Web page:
Published on November 4, 2020 | Karl R. Ocampo, Inquirer.net
The country’s ability to produce rice has further weakened for the third consecutive year, owed largely to the increasing dependence of the country on imports following the passage of the Rice Tariffication Law.
However, the Department of Agriculture said the trend has its upside, noting that the cost of producing the staple and prices of rice in retail markets have gone down.
Based on the Philippine Statistics Authority’s (PSA) latest report on food availability and sufficiency, the country’s self-sufficiency rate for rice has declined to 79.8 percent in 2019 from 86.2 percent in 2018. In 2017, however, the self-sufficiency rate for the staple was at 95 percent.
PSA said the contraction “was brought about by the reduced share of domestic production to the country’s supply while the share of rice imports was on the uptrend”—an effect of the Duterte administration deregulation of rice trade.
Between 2017 and 2019, the industry’s dependence on imports increased from 6.6 percent to 13.8 percent to 20.2 percent, which allowed the Philippines to emerge as the world’s biggest rice importer for the past two years.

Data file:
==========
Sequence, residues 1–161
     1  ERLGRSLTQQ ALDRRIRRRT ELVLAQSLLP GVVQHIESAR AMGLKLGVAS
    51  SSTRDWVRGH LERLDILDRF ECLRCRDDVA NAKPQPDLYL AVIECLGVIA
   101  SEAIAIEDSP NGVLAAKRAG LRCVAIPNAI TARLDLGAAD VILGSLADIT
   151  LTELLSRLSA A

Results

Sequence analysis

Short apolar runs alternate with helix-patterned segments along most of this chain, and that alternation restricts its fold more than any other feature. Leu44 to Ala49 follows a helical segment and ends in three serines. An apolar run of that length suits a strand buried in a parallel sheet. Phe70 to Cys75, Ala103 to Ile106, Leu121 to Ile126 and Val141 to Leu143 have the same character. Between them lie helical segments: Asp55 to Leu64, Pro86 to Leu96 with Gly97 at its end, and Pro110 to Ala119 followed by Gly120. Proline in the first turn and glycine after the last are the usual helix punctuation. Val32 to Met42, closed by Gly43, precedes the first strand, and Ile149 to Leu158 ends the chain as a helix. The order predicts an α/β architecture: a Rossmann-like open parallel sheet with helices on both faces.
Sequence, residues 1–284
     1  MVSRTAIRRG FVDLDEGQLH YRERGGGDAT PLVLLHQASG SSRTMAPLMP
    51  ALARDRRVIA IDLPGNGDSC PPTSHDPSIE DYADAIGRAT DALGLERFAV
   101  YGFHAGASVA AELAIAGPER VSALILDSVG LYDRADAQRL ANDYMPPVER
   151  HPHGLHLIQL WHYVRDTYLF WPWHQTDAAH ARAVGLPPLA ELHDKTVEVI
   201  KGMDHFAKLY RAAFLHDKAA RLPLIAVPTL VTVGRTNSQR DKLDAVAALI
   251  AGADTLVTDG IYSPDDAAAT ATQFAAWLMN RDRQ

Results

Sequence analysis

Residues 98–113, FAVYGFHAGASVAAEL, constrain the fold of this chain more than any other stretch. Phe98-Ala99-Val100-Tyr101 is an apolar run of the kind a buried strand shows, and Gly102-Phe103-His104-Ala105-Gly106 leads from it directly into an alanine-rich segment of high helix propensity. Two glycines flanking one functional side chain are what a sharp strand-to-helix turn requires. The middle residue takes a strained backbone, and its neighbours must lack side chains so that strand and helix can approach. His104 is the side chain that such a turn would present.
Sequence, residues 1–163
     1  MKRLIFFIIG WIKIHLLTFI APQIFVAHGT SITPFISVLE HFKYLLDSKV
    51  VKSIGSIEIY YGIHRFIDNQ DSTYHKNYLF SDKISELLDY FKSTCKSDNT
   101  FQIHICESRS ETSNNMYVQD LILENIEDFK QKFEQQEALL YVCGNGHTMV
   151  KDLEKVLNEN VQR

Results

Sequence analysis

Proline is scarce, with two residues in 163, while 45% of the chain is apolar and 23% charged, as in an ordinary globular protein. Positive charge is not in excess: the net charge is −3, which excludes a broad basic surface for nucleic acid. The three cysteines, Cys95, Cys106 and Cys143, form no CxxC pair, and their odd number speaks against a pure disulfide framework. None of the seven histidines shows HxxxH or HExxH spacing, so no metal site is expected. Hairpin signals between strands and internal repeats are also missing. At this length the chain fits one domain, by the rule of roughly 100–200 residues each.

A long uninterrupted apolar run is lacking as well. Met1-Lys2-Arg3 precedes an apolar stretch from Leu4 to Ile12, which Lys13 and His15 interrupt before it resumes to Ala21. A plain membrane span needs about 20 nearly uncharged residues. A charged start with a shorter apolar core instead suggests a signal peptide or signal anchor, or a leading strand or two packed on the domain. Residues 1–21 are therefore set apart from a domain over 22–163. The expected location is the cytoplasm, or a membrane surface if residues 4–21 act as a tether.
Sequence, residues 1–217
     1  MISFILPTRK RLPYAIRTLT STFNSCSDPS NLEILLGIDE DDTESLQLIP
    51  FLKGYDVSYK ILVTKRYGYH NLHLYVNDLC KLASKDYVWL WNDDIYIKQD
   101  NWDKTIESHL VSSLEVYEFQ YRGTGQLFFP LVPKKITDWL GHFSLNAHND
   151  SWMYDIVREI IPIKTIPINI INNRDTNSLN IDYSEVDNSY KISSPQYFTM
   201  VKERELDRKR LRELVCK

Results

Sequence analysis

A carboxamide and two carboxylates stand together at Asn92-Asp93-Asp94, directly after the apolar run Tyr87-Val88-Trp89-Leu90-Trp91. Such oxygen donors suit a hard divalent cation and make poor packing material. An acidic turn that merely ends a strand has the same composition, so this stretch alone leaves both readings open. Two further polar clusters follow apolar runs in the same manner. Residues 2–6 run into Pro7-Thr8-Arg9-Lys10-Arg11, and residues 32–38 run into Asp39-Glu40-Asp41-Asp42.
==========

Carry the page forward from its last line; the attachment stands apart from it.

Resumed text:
Agriculture Secretary William Dar said these figures were effects of the new rice law, but added that it has also paved the way for the cost of producing palay to decrease to an average of P11.05 a kilo in 2019 from P12 a kilo in the past years.
However, the average price of palay at the farmgate has slid anew to P15.79 a kilo as of the first week of October, reflecting the impact of importation on local producers coupled with the effect of the pandemic.
Dar said rice farmers could shift to planting other crops that were more profitable, while those who would stay on in planting the staple would be assisted with modern technologies to improve their production and profit.
These changes, however, could not happen overnight and would need the coordination of stakeholders and the assistance of the government.